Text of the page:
The Veteran Car Run from Hyde Park to Brighton, organised by the VCC/RAC and this year sponsored by Castrol, is a great cavalcade of early motoring history and provides high adventure for many veteran car owners, even though the vehicles are now better understood and tamed than was once the case. Almost since its inception Motor Sport has been a firm advocate of this unique event, which dates back to 1927. We reported most of the pre-war Runs in considerable detail and had contributors among the runners; Kent Karslake, for instance, who built up from boxes of bits a 1902 De Dion Bouton especially for the purpose.
The present Editor described what it was like to ride as a passenger in the Runs of 1936, 1937, 1947, 1948, 1949, 1951, 1954. 1955, 1956, 1957, 1958, 1967 and 1972. His respective mounts were a 1900 Peugeot, 1898 Hurtu, 1902 De Dion Bouton, 1902 Lanchester, 1902 Panhard-Levassor, 1902 De Dietrich, 1901 Mors, 1904 Tony Huber, 1902 Wolseley, 1903 Mercedes, the Mercedes again, 1903 Fiat, and 1904 Darracq. In the Runs of 1959, 1960, 1961, 1962, 1963, 1964, 1965, 1966 and 1970 W.B. drove, or co-drove, the following veterans: 1904 Brushmobile, 1903 Humberette, the Brushmobile again, 1903 De Dion Bouton, 1898 Decauville, 1903 Panhard Levassor, the Brushmobile for the third time, 1903 Cadillac, the Panhard again, and 1899 Benz. Some of these were provided for us by Lord Montagu of Beaulieu and his famous Museum but a restriction on entries put paid to such generosity.
Each of these experiences resulted in long accounts being published in the December issues of Motor Sport. But this year, when we telephoned the VCC to ask for a seat on the Run we were told that this was impossible, on account of the numbers of celebrities to whom they were allocated. Had such persons been pioneer engineers, great historians, mechanics and officials from the golden age of motoring and so on, we would have understood. But from the publicity material received from the RAC it was apparent that they were mostly disc-jockeys, radio and television personalities, a retired F1 driver, fashion models and the like. Their number also included a lifeboat coxswain, but at least he was hoping to collect for a good cause. It seemed apparent that the organising body was more concerned with the “funny ha-ha” aspect of the Run than with its instructional and automotive value. Last year’s Run saw the first entry from the Metropolitan Police of two constables on a 1902 Beaumont. We have every sympathy with policemen who are prepared to take part on this great sporting occasion and perhaps compare a veteran with the Police cars they normally drive (although this crew admitted to knowing next to nothing about the historic motor car they had borrowed). But how did the RAC report on the successful arrival of this Police entry ? As follows: “Police Constables ‘Chalky’ White and Ted Clements . . . were greeted by Mrs. Clements with a glass of light ale for her husband, kisses from a number of ladies, and a request from an official to see their driving licences. Both Police drivers were suitably attired in Sherlock Holmes hats.” You see what we mean! And why Motor Sport wasn’t on the Brighton Run this year.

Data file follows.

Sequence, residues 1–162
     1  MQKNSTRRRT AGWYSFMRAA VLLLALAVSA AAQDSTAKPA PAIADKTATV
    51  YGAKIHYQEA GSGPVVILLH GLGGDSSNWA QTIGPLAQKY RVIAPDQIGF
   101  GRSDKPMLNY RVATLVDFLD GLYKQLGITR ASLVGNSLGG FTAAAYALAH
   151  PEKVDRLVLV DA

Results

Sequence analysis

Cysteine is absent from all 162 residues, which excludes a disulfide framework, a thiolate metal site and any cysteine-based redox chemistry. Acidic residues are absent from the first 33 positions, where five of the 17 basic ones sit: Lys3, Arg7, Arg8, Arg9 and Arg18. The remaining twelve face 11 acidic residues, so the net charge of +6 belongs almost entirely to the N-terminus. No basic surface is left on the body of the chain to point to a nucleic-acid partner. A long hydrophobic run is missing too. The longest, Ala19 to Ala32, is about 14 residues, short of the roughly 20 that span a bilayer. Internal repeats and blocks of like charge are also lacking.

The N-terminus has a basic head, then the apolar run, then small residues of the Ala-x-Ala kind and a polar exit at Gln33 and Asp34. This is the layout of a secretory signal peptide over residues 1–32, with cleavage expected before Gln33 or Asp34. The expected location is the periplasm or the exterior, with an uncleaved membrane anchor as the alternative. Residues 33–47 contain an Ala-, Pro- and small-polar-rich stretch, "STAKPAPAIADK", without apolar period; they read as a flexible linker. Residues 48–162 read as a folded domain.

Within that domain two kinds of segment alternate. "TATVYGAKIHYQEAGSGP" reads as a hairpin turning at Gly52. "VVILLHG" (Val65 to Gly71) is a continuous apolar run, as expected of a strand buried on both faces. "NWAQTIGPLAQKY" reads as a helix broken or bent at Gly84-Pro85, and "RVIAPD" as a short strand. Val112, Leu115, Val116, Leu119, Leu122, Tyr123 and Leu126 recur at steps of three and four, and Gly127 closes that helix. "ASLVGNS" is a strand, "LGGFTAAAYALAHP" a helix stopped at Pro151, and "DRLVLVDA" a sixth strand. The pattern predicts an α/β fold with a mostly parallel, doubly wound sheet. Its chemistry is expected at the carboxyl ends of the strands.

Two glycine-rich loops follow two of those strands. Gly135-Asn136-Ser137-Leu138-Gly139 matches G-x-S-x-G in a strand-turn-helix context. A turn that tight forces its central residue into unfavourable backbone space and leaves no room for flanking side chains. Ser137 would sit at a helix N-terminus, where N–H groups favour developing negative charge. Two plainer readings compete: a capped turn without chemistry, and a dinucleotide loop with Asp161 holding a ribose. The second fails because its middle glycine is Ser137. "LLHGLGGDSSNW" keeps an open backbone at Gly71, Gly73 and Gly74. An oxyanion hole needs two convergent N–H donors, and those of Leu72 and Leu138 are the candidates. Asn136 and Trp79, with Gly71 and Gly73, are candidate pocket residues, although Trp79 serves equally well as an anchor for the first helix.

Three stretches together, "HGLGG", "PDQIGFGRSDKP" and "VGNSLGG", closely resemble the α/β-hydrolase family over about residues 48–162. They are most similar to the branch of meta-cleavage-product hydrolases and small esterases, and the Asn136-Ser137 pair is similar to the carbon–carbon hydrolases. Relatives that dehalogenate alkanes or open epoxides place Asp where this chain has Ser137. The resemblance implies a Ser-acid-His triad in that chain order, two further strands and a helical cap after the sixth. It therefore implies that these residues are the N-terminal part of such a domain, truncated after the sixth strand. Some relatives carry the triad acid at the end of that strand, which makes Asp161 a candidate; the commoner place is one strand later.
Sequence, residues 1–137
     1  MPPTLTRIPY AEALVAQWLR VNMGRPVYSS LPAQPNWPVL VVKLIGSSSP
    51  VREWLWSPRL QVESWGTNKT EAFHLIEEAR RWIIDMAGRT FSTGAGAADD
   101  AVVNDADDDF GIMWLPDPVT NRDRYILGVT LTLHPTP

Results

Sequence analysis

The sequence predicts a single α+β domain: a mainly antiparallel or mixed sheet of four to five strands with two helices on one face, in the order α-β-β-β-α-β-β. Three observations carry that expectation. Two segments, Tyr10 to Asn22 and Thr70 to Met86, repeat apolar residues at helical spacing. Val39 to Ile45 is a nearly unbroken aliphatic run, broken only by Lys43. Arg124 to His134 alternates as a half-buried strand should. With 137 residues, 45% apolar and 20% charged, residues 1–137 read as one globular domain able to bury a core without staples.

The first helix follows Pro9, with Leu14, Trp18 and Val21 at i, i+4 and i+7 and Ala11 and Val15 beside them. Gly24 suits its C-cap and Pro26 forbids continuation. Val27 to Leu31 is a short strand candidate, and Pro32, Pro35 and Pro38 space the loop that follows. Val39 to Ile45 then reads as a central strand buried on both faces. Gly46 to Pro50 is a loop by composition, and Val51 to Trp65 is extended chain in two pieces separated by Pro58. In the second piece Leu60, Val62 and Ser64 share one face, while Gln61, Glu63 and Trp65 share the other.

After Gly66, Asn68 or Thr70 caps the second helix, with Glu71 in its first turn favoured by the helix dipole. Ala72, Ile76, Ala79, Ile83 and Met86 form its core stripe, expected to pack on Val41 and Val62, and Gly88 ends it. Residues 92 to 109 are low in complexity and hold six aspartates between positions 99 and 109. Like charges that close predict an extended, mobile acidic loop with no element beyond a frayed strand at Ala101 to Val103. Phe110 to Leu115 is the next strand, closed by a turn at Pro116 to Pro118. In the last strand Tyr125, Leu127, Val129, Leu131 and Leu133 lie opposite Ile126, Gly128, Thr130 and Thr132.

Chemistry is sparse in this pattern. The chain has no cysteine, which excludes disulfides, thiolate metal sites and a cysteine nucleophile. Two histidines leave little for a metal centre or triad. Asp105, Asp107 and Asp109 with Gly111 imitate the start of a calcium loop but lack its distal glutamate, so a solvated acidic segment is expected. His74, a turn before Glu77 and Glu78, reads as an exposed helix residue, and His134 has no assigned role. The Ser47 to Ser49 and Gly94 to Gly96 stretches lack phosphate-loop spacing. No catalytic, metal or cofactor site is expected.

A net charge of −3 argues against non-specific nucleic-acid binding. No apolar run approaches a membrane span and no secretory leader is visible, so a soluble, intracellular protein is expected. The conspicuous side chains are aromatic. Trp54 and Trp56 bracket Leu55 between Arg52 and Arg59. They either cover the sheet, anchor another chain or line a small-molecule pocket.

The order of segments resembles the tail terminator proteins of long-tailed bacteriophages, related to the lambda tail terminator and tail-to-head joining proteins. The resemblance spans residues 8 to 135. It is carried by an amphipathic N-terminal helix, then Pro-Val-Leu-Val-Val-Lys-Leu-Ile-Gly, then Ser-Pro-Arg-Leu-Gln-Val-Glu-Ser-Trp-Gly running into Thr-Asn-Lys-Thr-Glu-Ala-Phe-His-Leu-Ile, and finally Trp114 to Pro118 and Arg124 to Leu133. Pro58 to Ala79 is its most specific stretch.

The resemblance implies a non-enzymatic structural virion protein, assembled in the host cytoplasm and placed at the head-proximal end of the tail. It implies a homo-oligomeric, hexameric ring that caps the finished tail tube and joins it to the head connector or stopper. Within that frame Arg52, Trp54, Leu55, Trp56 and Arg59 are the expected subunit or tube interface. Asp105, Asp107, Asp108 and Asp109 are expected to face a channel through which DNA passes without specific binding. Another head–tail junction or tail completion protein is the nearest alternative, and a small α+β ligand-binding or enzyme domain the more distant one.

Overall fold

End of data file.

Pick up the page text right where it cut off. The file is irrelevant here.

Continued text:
While we hold the view that old-car motoring should not be taken too seriously, there is a limit to the light-heartedness devoted to it which, if encouraged at the expense of the technicalities and histories of the vehicles themselves, could reduce this great British institution to a mere glee-outing for those whose addiction to the wearing of funny headgear far outweighs their interest in, or knowledge of, veteran cars. We have seen the Brighton Run emerge from a newspaper stunt to an event properly organised by Britain’s pioneer motoring weekly and then by the VCC. But after RAC intervention those Certificates of Performance with which drivers who arrived at the finish used to be rewarded were abolished, anxiety was expressed that the larger-engined veterans might go too fast, and to appease the Police the entry-list was restricted. Nevertheless, the event continues to appeal to the public, which is now encouraged to wave to non-motoring celebrities rather than to appreciate the adventure of the occasion, applaud the skill of the drivers, and regard the competing cars as priceless heirlooms (in the historical rather than the financial sense) re-enacting the motoring of long ago. We know that many genuine motoring enthusiasts take part in this long established event and we are sure that they will share our dislike of the publicity trends from which it now suffers. But you will understand why Motor Sport gave the Run a miss this year.—W.B.